A Nashville power company is facing allegations of racism.
Three employees who work for Nashville Electric Service (NES) are accusing the company of engaging in racist culture, The Tennessean reports, and are speaking out about it.
Tim Jones, Walter Clark, and Jimmie Hunt, who have worked for NES for an approximate combination of 35 years, say working for the company has provided them with a comfortable lifestyle but there are hidden tactics that can make the work environment unbearable.
Hunt, a supervisor, said he was called racial slurs numerous times by his white coworkers and even remembered a noose being left in a smoking area. Hunt said that he, along with other minority coworkers, were passed over for several promotions. After trying to hold it together for years, Hunt is now approaching retirement and feels it’s time for a major culture change so Black people can feel safe.
“Do you really want them to come here and have to deal with that?” Hunt said. “It was disturbing in a lot of ways.”
Hunt, Jones, and Clark are suing NES claiming their promotion process is discriminatory, subjected to a hostile work environment and NES has done nothing about it. Their attorney and vice president of the National Bar Association, Ashley Upkins, says the lawsuit isn’t about money – it’s about making it right.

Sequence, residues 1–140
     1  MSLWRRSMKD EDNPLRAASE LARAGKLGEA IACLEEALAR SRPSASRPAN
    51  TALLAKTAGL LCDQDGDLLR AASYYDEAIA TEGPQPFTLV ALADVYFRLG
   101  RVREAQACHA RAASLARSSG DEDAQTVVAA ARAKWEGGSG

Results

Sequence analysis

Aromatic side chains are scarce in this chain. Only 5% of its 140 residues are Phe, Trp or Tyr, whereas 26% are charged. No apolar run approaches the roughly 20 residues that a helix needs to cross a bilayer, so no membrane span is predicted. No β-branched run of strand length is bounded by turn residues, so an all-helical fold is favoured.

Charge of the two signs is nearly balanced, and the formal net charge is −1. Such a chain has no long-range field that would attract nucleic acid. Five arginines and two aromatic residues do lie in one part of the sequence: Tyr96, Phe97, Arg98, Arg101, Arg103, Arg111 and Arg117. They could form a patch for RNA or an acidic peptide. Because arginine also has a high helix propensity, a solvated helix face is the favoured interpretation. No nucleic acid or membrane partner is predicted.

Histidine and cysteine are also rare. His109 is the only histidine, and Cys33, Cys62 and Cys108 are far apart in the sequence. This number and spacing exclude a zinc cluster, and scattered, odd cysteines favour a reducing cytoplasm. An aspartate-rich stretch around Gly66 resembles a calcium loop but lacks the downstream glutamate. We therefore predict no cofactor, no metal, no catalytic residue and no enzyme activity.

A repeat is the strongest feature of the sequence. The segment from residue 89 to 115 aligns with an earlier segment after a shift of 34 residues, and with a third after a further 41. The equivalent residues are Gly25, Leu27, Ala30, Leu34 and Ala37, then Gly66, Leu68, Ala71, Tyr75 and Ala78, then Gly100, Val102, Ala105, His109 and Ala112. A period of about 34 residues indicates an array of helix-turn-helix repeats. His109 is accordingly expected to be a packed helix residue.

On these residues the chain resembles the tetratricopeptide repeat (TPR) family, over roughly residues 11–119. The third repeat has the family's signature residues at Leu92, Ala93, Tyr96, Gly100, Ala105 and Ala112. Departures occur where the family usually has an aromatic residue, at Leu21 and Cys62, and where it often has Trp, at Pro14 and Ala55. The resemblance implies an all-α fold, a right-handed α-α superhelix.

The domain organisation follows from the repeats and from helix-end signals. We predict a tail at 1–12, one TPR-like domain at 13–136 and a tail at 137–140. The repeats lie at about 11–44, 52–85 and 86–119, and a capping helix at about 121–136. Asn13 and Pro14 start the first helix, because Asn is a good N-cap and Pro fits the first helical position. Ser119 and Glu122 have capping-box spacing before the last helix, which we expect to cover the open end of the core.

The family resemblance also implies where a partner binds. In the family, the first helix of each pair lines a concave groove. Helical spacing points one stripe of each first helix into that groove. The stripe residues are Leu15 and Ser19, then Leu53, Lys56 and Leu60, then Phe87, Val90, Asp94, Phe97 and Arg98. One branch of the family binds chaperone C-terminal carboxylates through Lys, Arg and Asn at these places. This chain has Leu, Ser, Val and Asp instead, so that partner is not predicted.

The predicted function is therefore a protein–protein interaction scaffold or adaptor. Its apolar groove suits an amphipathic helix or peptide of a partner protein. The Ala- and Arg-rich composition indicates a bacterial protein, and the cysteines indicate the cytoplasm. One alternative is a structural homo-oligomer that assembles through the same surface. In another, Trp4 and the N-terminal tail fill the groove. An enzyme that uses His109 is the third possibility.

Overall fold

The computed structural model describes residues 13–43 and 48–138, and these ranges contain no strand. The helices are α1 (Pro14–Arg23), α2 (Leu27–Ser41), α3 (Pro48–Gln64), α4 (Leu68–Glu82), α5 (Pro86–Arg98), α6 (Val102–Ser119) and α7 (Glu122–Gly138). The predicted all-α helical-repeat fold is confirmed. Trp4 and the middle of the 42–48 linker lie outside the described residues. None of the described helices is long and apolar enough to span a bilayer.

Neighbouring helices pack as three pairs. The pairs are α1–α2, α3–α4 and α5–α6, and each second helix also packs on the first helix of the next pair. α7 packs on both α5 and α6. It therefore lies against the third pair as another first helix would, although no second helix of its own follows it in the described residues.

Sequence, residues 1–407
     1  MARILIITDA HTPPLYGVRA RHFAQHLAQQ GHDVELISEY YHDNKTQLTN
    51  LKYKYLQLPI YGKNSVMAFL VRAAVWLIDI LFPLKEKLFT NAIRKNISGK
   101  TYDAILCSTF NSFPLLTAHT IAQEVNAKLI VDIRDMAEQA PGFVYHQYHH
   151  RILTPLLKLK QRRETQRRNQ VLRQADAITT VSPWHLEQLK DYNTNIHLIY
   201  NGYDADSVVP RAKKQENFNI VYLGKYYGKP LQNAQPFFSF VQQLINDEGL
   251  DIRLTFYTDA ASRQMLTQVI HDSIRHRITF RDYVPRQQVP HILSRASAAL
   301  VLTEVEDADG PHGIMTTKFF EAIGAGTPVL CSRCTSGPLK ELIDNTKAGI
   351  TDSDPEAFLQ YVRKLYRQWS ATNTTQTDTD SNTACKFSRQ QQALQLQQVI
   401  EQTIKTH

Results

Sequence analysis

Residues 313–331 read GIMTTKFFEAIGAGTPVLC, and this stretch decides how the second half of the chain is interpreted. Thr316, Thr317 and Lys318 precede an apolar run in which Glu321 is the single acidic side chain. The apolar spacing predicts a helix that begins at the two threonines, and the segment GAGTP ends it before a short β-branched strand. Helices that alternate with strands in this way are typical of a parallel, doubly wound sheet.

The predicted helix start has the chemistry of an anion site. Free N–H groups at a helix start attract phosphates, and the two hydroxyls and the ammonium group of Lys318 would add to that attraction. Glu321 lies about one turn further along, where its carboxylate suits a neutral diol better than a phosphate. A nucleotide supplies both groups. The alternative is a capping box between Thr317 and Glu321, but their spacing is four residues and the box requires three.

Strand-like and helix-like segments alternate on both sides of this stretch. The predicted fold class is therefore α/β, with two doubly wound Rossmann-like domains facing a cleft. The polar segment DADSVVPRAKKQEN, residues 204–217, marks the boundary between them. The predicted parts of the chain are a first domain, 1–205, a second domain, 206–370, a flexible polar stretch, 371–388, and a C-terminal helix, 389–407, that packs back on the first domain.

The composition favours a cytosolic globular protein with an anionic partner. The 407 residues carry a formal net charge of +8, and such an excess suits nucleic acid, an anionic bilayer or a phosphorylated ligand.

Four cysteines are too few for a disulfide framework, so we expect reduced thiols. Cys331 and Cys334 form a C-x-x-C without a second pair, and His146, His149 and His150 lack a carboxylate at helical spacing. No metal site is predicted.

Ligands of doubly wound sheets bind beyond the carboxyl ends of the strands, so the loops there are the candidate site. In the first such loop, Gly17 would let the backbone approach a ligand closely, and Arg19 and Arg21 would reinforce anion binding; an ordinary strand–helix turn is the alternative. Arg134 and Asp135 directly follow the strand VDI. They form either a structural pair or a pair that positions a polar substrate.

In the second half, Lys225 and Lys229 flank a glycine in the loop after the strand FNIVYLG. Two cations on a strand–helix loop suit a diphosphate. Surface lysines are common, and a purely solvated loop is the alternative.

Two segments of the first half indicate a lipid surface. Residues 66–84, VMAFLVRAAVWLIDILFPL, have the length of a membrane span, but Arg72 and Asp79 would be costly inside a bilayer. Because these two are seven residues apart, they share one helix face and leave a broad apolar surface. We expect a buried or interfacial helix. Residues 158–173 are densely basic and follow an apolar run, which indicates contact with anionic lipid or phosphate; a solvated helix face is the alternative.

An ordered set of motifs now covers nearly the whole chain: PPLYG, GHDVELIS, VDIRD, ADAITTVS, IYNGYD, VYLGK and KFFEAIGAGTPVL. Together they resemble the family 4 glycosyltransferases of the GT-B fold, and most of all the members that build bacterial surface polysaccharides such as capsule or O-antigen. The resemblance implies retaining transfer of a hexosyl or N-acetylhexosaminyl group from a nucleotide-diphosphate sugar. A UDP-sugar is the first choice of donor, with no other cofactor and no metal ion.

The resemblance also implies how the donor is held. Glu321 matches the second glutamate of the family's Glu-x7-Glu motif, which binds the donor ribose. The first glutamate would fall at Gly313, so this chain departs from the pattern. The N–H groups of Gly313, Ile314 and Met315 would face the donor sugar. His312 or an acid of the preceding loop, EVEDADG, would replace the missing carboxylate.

“Despite having dedicated workers that have worked there for very long periods of time, NES leaders refuse to address the issue,” Upkins said. “And so now, this is what they find to be their only recourse after being abused for so long.”
This isn’t the first time lawsuits regarding discrimination in the promotion process–dubbed the “NES Way”-have been brought to the service’s attention.
Over the years, several lawsuits concerning work culture and other practices have been filed.
“NES does not condone or tolerate discrimination of any type,” Broyles-Aplin said in a statement. “”NES embraces diversity, equity, and inclusion, and our goal is to foster a work environment in which all of our employees feel welcome, safe, and appreciated.
Source: Black Enterprise